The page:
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Elizabethan England Swings

By Michael O'Sullivan
Washington Post Staff Writer
Friday, November 20, 1998

  Movie Critic

Cate Blanchett in "Elizabeth": A musty old history lesson brought to vivid and sensual life. (Gramercy)

Shekhar Kapur
Cate Blanchett;
Geoffrey Rush;
Joseph Fiennes;
Christopher Eccleston;
Richard Attenborough;
Kathy Burke;
Fanny Ardant;
Vincent Cassel
Running Time:
1 hour, 44 minutes
For burning, bludgeoning, beheading, throat-slashing, torture, corpses, sex and a naughty Elizabethan idiom for private parts
Plush as velvet and hot as blood, "Elizabeth" is a four-centuries-old thriller whose heartbeat is as quick as contemporary headlines.

Sectarian violence, sexism in the workplace, futile wars abroad, internecine political struggle at home and assassination attempts on the head of state – this is the stuff of ancient drama, and modern life, whether the year be 1558 or 1998.

Indian director Shekhar Kapur's fresh but still respectful take on the woman known as the Virgin Queen primarily concerns itself not with her 45-year reign (1558-1603), but with her rise to power and the transformation of an innocent girl into an icon. The convoluted story by screenwriter Michael Hirst, with its swarming cast of period-costumed characters and daunting historical setting, may at first confound those in the audience who don't carry a pocket organizational chart of the Tudor family dynasty. After a while of trying to sort out the Duke of Norfolk from the Earl of Leicester, however, it becomes clear that in "Elizabeth," it matters less who's who than what each personage stands for, and like any well-made suspense story the heroes and villains rapidly come into focus.

In 1554, when "Elizabeth" opens, Mary I (Kathy Burke) is queen. A staunch Catholic, the ruler nicknamed "Bloody Mary" is in the middle of her campaign of religious persecution against Protestants, many of whom she already has burned at the stake for heresy or treason. This religious paranoia extends even to her younger half-sister Elizabeth (Cate Blanchett), a Protestant born to Mary's father, Henry VIII, and Wife No. 2, Anne Boleyn, reviled by Mary as "that whore."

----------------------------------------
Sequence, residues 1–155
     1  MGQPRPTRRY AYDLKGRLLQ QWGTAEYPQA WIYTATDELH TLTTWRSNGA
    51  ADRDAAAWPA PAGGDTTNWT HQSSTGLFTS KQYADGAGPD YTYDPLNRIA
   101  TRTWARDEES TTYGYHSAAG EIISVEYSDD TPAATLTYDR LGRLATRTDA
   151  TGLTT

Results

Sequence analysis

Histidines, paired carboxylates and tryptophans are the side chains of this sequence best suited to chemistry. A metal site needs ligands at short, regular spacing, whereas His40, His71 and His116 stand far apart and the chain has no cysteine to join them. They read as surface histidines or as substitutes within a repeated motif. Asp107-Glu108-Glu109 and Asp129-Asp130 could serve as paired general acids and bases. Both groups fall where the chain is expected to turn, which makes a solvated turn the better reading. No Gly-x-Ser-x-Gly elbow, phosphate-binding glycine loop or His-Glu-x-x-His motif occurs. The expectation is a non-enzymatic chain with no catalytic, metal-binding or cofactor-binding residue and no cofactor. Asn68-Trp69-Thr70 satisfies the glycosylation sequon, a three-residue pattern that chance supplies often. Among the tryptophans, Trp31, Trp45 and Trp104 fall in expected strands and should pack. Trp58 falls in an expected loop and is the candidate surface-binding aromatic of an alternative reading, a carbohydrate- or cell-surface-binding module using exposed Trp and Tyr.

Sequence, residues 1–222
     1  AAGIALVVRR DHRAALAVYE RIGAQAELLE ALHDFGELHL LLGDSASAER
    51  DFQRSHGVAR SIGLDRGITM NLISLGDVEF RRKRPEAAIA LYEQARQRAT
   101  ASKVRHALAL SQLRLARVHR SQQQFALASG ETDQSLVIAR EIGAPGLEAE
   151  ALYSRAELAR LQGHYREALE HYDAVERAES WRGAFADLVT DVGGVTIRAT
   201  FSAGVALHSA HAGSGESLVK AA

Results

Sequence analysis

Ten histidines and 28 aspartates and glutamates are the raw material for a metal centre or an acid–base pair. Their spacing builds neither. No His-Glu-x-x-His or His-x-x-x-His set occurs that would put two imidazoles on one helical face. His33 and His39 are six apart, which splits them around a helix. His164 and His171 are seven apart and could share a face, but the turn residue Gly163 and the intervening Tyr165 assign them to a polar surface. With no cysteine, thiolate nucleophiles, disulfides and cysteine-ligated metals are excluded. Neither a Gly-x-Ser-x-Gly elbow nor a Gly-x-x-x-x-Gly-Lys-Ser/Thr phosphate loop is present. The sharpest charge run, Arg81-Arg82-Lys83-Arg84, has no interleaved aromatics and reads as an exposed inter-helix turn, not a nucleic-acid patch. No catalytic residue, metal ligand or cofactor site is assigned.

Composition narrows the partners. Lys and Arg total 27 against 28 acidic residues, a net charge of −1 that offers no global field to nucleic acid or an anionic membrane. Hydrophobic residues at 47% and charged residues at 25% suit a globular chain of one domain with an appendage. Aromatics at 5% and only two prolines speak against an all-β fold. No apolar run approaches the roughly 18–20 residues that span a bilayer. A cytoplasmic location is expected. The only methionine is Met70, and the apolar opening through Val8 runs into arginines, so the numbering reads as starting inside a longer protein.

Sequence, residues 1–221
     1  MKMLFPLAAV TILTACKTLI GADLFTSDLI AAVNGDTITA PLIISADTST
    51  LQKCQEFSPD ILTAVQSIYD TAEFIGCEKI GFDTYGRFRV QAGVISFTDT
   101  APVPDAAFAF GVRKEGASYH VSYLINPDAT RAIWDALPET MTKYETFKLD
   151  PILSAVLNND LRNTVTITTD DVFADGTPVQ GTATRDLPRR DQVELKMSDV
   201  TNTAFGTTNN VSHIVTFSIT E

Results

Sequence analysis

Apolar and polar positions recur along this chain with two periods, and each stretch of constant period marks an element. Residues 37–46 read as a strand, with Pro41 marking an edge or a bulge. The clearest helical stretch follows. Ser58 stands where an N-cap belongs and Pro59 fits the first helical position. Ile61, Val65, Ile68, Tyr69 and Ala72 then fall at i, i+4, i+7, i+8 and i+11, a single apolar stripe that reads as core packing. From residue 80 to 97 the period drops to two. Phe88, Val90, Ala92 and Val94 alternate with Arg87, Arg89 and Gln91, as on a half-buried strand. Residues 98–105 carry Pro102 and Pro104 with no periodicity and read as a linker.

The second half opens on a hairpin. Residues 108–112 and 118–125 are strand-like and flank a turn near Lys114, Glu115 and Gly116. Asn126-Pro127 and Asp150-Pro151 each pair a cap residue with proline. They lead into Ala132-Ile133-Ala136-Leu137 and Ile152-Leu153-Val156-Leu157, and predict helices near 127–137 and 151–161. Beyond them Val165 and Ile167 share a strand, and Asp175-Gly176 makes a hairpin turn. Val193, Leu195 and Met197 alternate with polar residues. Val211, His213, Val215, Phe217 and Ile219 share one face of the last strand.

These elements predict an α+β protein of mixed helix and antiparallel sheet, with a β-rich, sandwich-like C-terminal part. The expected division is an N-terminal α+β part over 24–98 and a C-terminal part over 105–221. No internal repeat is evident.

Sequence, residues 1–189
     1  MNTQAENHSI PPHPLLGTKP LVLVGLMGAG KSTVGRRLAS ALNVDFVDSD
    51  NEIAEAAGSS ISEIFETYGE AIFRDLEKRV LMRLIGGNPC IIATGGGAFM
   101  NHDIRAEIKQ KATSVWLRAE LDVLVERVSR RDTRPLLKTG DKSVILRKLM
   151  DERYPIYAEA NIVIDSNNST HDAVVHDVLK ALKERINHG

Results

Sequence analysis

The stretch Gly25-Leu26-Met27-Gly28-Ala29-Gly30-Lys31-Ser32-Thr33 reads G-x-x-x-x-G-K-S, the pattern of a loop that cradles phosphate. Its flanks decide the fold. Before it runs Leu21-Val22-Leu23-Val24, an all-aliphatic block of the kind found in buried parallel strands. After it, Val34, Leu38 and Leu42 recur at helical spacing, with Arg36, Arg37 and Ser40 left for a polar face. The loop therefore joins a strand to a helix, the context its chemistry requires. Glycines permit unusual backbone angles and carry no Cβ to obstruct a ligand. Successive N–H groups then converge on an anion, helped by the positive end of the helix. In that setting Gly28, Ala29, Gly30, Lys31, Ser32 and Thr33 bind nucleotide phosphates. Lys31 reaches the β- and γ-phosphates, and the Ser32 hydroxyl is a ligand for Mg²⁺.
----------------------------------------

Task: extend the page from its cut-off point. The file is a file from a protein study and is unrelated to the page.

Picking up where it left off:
At the urging of her adviser the Duke of Norfolk (a snakelike Christopher Eccleston), a dying Mary carts Elizabeth off to the Tower of London for treason, only to convert the execution to house arrest after an eleventh-hour twinge of familial remorse. Soon Mary is dead, though, and Elizabeth is installed as queen – not only of a divided country, but of a court awash with treacherous vipers who resent their new monarch.

Bombarded by advice about wars and marriage and heirs and alliances from all sides of her male cabinet – not just the Machiavellian Norfolk but the doddering Sir William Cecil (Richard Attenborough), Elizabeth at first flounders, looking at times as if she wants to run screaming from the palace back to her country home in Hartfordshire and the arms of lover Robert Dudley (Joseph Fiennes). A queen can't do that, however, because she is something more than a woman and made of different stuff than flesh, and Elizabeth comes to realize this only with the prodding assistance of Sir Francis Walsingham (Geoffrey Rush), a loyal Protestant lord recently returned from exile to serve his sovereign.

In the title role of an individual who makes these personal sacrifices for a nation's gain, Cate Blanchett is perfectly cast. Hardly a flibbertigibbet, the pale and thin Blanchett nevertheless possesses a beautiful fragility you can see in her translucent skin and dewy eyes, which seem to harden and become more opaque as the crown approaches her head.

And Kapur's dynamic and emotive camera, which starts out lurking behind masonry columns and peeking through cracks, only to become more stately and static as Elizabeth becomes more regal, keeps the film's momentum ever building to its dramatic climax.

Where "Elizabeth" really triumphs over its dusty source material is in transforming all this boring history – who succeeded, married, murdered whom – into a real, rip-roaring adventure tale. Certainly for modern audiences it helps that the movie has lots of sex and violence, in addition to its royal intrigue. The body and booty count may be high in "Elizabeth," but it's not gratuitous. Rather, it reminds that little has changed in 400 years.

© Copyright 1998 The Washington Post Company

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